Berkeley Faces Federal Lawsuit Over Post Office Sale
The debate over Berkeley’s historic downtown post office has reached new heights. The United States Postal Service filed a lawsuit in federal court yesterday alleging that Berkeley’s zoning changes in the neighborhood prevented them from selling their property to generate much-needed revenue. (As of 3:00 PM today, the Berkeley City Attorney’s office says they have not been formally served.)
In 2012, the Postal Service put its property at 2000 Allston Way up for sale, noting that it only used 4,000 square feet of the 57,000 square foot building. Amid possibilities of new development, Berkeley locals launched a vociferous Save the Post Office campaign to block the sale of the property. This campaign gathered signatures for what eventually became the 2014 Measure R, a ballot measure to lower height limits in Downtown Berkeley, drafted largely by Councilmember Jesse Arreguin and Zoning Board Member Sophie Hahn.
The heated tensions of downtown development ignited over what initially appeared to be an innocuous transaction. The Postal Service has been hamstrung by federal regulations requiring the agency to prepay its pension plans, while also being prevented from raising its prices to compensate. In response, the USPS has put dozens of historic real estate assets on the market. The recent “historic” overlay in the zoning of Berkeley’s Civic Center District effectively prevented its sale for most viable commercial or residential purposes.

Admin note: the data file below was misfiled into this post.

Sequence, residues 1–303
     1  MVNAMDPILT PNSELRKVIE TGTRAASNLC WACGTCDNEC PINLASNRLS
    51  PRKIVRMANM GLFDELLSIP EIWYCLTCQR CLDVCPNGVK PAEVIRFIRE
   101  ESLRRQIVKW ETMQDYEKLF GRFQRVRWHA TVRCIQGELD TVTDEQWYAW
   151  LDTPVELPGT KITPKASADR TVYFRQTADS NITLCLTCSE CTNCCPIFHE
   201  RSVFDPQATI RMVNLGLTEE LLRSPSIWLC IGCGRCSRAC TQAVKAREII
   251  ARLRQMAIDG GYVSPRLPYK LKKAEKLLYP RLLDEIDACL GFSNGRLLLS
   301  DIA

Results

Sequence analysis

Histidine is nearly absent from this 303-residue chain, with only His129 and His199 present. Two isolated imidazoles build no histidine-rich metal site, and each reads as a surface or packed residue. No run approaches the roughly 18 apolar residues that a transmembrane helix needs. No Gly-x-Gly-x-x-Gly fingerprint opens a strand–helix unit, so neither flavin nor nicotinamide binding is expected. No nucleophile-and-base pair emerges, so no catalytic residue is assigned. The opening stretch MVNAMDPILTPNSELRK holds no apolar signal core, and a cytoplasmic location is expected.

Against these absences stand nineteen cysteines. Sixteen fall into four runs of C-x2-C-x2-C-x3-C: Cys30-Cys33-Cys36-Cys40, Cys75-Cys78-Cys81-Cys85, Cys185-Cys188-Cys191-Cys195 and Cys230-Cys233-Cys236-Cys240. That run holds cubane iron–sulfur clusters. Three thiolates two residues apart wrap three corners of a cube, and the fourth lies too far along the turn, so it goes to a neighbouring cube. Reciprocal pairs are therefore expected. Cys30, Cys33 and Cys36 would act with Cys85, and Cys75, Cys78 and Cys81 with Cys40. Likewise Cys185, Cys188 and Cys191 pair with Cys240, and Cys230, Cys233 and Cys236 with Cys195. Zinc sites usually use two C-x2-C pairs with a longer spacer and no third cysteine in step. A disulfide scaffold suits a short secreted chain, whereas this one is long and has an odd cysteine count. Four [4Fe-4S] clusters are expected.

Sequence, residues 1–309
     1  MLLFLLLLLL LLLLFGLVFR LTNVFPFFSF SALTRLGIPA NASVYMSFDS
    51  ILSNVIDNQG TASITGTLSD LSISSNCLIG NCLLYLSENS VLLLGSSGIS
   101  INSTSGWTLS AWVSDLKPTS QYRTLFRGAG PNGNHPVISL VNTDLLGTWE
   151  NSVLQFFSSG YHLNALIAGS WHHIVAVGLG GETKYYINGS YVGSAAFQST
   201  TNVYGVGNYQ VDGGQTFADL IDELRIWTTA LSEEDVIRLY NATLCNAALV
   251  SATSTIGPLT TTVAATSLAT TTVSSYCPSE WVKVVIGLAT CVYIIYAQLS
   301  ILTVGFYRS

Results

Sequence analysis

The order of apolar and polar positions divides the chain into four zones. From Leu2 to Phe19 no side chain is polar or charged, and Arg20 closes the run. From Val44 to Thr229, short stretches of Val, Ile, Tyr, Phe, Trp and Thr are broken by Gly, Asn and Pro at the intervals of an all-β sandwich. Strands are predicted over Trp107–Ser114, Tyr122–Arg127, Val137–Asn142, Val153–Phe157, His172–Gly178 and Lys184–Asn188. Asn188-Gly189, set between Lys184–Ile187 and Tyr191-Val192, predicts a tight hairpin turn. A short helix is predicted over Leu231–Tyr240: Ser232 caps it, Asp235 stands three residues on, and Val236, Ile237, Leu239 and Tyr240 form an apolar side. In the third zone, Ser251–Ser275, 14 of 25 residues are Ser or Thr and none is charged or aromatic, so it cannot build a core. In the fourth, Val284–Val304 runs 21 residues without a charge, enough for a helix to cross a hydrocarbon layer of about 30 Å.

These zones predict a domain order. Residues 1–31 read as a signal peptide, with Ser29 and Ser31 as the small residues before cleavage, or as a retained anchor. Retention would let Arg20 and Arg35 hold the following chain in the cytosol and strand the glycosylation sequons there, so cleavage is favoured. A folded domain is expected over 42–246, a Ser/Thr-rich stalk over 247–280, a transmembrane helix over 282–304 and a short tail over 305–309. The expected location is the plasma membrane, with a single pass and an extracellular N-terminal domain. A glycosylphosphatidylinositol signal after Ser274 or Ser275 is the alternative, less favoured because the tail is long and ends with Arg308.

Initially, that didn’t stop the Postal Service from trying: in 2014, local developer Hudson McDonald offered to buy the property and keep it publicly accessible, but then retreated due to “uncertainty” in the surrounding community.
The City of Berkeley then sued the federal agency to force them to drop any attempted sale. Although the suit was thrown out of court, Berkeley succeeded in its goal, only to engender threats of litigation.
The United States Postal Service was not bluffing. In their suit, the plaintiff alleges: “Enacted primarily to prevent the sale of the Berkeley Main Post Office, the Zoning Ordinance limits the Property to civic or nonprofit uses. By prohibiting any commercially viable uses, the…Zoning Ordinance therefore prevents the Postal Service from fulfilling its responsibilities under federal law, and is invalid under the Supremacy Clause of the United States Constitution...”
The suit goes on to detail the many ways in which, despite engagement with the local community, the Postal Service’s efforts at compromise were stonewalled by the City. Offers to preserve the historic façade of the building were rejected as insufficient by what the plaintiff depicts as byzantine bureaucratic standards.
At press time, no hearing date has been set for the lawsuit.